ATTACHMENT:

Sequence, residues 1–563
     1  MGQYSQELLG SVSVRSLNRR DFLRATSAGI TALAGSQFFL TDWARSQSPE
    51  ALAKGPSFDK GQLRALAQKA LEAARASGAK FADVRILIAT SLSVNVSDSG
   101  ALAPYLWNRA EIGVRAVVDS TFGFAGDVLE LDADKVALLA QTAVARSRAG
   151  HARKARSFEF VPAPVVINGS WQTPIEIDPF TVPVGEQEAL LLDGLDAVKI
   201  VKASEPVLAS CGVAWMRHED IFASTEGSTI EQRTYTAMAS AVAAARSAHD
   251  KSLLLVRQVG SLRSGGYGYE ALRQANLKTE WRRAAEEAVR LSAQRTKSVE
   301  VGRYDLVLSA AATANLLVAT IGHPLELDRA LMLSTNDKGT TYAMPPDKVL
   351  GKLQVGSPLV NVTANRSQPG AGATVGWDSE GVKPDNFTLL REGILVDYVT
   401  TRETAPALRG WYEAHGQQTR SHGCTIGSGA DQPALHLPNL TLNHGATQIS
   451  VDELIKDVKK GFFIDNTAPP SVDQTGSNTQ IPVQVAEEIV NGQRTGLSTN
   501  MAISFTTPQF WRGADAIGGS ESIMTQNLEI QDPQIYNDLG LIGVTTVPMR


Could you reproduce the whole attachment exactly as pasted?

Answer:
Sequence, residues 1–563
     1  MGQYSQELLG SVSVRSLNRR DFLRATSAGI TALAGSQFFL TDWARSQSPE
    51  ALAKGPSFDK GQLRALAQKA LEAARASGAK FADVRILIAT SLSVNVSDSG
   101  ALAPYLWNRA EIGVRAVVDS TFGFAGDVLE LDADKVALLA QTAVARSRAG
   151  HARKARSFEF VPAPVVINGS WQTPIEIDPF TVPVGEQEAL LLDGLDAVKI
   201  VKASEPVLAS CGVAWMRHED IFASTEGSTI EQRTYTAMAS AVAAARSAHD
   251  KSLLLVRQVG SLRSGGYGYE ALRQANLKTE WRRAAEEAVR LSAQRTKSVE
   301  VGRYDLVLSA AATANLLVAT IGHPLELDRA LMLSTNDKGT TYAMPPDKVL
   351  GKLQVGSPLV NVTANRSQPG AGATVGWDSE GVKPDNFTLL REGILVDYVT
   401  TRETAPALRG WYEAHGQQTR SHGCTIGSGA DQPALHLPNL TLNHGATQIS
   451  VDELIKDVKK GFFIDNTAPP SVDQTGSNTQ IPVQVAEEIV NGQRTGLSTN
   501  MAISFTTPQF WRGADAIGGS ESIMTQNLEI QDPQIYNDLG LIGVTTVPMR